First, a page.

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By: Scott Grossman on June 18th, 2018

I suspect the executor of an estate exhibits bias behavior while administering an estate. Do I have grounds to bring an action against him?

Administering an estate in California is a complex, lengthy, and expensive procedure.   Therefore, it is vital that you contact an experienced Riverside estate litigation attorney for guidance immediately after suspecting bias behavior.

If you are unclear as to whether or not you have grounds to bring an action against an executor for exhibiting bias behavior while administering an estate, consider whether your case satisfies the following:

  • First of all, are entitled to receive something from the estate or are an otherwise interested party?
  • Furthermore, is the executor is taking actions for the benefit of one or more beneficiaries that are to the detriment of others?
  • Additionally, does the executor appear to have a motive or agenda that is harmful to one or more beneficiaries?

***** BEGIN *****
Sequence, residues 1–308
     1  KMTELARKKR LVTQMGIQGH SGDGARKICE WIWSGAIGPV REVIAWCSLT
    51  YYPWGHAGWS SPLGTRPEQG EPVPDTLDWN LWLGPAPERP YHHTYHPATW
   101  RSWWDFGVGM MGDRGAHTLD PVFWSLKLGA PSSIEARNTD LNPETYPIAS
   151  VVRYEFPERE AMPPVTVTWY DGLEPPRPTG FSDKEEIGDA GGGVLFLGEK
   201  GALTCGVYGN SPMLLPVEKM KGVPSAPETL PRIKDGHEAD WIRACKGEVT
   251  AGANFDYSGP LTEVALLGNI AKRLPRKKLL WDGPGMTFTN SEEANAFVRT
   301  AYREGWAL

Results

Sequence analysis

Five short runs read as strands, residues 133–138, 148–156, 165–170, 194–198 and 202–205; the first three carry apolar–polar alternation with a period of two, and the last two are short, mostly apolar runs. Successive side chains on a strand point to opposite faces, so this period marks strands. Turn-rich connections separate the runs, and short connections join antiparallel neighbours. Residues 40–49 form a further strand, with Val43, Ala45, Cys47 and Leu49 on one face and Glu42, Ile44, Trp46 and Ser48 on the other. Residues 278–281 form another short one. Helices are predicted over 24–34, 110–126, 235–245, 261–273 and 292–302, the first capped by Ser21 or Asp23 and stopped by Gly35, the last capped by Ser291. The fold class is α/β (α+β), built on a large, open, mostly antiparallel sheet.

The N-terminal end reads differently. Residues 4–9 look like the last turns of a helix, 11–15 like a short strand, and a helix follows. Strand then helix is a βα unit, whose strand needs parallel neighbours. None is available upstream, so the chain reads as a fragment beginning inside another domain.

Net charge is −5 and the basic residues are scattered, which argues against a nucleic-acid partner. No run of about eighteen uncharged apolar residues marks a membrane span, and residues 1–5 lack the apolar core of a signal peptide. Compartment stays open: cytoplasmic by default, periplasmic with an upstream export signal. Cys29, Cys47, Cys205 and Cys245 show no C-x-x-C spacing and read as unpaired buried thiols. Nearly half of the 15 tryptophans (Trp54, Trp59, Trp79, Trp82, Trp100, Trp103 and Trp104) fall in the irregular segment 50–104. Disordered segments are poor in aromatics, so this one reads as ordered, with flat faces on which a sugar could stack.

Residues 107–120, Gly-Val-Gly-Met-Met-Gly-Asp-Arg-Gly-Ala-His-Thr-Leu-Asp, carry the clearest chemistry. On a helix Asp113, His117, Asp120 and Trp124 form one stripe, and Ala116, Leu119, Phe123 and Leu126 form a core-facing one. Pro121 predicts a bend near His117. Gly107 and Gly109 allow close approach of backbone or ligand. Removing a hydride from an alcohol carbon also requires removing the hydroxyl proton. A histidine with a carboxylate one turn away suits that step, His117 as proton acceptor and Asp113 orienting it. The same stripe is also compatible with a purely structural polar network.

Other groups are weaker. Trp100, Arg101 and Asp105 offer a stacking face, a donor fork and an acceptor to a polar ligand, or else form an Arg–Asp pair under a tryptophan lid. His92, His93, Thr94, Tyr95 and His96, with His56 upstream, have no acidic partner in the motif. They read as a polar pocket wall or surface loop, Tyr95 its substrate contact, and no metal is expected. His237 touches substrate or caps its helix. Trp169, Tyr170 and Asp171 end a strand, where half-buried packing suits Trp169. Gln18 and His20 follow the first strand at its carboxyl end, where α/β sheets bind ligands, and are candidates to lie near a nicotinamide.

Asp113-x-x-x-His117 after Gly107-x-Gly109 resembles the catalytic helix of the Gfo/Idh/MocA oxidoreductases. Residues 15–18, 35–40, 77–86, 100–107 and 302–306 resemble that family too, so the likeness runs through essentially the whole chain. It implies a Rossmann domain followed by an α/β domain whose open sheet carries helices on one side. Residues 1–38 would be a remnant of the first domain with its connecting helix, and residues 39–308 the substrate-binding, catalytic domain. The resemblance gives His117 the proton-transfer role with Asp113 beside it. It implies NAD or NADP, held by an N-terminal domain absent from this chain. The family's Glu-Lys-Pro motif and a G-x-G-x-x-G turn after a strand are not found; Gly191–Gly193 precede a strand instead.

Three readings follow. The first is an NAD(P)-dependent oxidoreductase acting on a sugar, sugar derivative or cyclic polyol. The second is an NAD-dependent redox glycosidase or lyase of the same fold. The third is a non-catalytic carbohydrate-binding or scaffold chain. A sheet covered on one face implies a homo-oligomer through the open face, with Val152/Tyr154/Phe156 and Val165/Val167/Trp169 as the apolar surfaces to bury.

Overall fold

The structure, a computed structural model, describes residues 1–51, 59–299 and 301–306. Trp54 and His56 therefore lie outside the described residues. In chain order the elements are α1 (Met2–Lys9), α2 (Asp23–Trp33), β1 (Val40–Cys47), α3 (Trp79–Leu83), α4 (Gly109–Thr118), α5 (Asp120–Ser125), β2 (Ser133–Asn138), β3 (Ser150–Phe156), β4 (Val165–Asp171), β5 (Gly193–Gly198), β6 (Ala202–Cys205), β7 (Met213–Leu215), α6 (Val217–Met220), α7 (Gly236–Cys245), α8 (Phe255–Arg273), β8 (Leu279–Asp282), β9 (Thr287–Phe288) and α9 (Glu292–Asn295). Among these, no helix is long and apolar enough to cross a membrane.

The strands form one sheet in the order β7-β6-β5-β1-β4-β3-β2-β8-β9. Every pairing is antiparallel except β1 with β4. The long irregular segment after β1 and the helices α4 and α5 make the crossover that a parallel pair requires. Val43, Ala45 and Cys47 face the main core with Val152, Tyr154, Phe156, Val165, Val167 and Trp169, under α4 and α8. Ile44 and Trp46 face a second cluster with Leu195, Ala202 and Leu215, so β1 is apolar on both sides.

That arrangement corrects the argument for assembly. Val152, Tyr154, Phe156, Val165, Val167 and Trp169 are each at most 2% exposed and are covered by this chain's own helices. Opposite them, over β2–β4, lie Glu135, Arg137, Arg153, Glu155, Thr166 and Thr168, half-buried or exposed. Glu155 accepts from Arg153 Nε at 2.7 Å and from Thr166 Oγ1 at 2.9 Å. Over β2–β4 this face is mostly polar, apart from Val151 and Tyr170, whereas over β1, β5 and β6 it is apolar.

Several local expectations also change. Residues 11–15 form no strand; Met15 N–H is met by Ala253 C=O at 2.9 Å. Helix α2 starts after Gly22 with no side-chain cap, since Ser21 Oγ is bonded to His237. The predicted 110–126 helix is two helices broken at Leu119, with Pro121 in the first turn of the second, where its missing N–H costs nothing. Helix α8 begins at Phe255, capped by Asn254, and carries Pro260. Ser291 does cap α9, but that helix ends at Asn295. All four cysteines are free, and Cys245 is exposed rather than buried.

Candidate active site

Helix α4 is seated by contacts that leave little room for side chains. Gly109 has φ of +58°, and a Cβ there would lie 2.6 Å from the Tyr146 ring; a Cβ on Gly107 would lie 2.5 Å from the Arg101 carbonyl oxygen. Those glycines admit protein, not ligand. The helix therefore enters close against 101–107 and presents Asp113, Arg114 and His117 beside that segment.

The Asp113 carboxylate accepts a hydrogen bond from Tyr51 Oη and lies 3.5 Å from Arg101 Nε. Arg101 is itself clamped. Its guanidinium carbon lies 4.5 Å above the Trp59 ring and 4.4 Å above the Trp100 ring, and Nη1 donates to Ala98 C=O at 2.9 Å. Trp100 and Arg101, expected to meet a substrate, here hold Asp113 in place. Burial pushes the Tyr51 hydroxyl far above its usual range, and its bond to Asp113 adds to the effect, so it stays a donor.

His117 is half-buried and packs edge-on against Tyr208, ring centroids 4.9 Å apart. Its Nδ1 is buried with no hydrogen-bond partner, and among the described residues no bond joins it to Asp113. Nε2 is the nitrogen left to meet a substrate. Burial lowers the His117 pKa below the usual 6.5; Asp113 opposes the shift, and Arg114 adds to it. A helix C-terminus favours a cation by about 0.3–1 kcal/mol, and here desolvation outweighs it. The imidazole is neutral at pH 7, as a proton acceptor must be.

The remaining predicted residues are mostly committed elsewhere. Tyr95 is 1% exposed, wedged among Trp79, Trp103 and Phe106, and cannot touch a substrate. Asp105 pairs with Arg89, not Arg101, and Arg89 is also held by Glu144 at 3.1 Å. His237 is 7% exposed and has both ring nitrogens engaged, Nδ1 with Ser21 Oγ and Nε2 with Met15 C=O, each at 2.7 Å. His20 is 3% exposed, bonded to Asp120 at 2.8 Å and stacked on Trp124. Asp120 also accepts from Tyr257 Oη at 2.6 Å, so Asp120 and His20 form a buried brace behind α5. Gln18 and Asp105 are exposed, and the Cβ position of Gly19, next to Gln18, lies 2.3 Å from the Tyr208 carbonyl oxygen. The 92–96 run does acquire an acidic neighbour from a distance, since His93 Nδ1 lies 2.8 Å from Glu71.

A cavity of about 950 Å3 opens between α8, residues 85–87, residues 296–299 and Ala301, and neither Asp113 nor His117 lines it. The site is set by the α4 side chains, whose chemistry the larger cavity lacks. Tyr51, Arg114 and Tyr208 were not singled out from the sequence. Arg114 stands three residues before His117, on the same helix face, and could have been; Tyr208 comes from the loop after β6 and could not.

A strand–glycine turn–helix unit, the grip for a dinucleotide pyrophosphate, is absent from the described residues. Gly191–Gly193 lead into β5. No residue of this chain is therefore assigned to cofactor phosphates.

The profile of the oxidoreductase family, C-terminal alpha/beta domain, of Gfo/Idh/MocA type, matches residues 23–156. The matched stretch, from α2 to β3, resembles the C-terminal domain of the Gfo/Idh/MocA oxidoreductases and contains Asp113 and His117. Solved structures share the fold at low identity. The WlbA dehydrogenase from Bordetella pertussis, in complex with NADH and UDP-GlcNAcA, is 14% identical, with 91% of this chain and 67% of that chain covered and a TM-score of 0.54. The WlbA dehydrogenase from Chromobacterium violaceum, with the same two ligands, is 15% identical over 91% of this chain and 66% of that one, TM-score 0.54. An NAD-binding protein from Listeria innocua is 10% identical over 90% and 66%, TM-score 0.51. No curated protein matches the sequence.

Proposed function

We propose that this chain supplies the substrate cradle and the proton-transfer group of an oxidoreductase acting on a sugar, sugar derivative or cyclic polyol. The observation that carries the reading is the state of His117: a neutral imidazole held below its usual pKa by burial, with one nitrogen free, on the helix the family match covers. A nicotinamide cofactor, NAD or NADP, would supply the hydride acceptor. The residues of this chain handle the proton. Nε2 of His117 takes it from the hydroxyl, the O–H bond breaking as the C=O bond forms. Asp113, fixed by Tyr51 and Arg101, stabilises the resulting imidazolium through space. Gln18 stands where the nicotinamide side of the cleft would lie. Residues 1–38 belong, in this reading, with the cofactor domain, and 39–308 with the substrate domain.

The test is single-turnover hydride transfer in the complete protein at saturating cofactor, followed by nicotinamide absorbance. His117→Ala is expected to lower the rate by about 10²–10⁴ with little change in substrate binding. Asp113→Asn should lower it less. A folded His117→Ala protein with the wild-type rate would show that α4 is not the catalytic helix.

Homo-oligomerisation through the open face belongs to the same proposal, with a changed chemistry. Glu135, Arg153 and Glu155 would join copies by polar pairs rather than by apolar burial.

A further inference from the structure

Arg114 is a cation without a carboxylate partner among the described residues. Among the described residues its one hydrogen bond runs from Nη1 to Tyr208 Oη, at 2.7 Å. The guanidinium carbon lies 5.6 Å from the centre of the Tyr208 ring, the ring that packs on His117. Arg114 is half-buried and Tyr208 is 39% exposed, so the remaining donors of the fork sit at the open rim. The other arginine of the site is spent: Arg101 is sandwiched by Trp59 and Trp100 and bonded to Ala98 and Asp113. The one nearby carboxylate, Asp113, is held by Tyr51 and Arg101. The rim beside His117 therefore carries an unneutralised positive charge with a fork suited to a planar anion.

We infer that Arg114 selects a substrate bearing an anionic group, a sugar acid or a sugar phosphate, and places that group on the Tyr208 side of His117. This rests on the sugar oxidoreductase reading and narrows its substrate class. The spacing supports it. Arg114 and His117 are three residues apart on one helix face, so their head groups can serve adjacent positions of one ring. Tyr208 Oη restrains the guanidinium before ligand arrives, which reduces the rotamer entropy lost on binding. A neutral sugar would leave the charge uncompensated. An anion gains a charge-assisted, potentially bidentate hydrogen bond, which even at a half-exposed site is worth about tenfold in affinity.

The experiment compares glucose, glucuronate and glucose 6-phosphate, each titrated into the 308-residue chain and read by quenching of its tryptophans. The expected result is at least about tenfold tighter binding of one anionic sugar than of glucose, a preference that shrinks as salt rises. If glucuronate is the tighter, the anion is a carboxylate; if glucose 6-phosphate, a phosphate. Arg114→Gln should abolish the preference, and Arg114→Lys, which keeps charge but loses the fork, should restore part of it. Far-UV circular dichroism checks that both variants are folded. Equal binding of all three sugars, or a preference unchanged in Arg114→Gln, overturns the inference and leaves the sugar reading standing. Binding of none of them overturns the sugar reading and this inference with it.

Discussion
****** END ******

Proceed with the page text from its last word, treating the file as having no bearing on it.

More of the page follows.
• Also, is there no statute of limitations that have been tolled relating to the claim?
  • Lastly, can the executor not reasonably act impartially towards the beneficiaries of the estate.

Fortunately, an experienced legal professional can assist you in determining whether or not you should bring a claim against an executor. For more information about the duties of an executor and filing a claim against him or her, view our free guide The Ultimate Guide to California Trust and Probate Litigation. To learn more and obtain guidance in bringing your own action, contact an experienced San Diego probate litigation attorney today. Call our toll-free number at (888) 443-6590.

Key Terms: 

Estate (noun):

An estate includes the things that a person owns. The things left by someone who has died can be distributed based on a Will, Trust, or Intestate laws. Estates have to be administered in the Probate Court if the estate meets certain criteria. See our Infographic on The Probate Process.

Executor (noun):

Person named in a Will as the person who will make sure that the instructions in the Will are followed. They are responsible for executing the Will, and are either appointed by the court or by the deceased person. They are responsible for taking care of a deceased person’s financial obligations. Financial obligations include disposing of property and paying bills and taxes. The executor must also make certain that the deceased last wishes are carried out according to the Will.

Litigation (noun):

Litigation is the act or process of bringing a lawsuit to enforce a particular right. This can include Will contests, Trust Litigations, and Probate Litigation.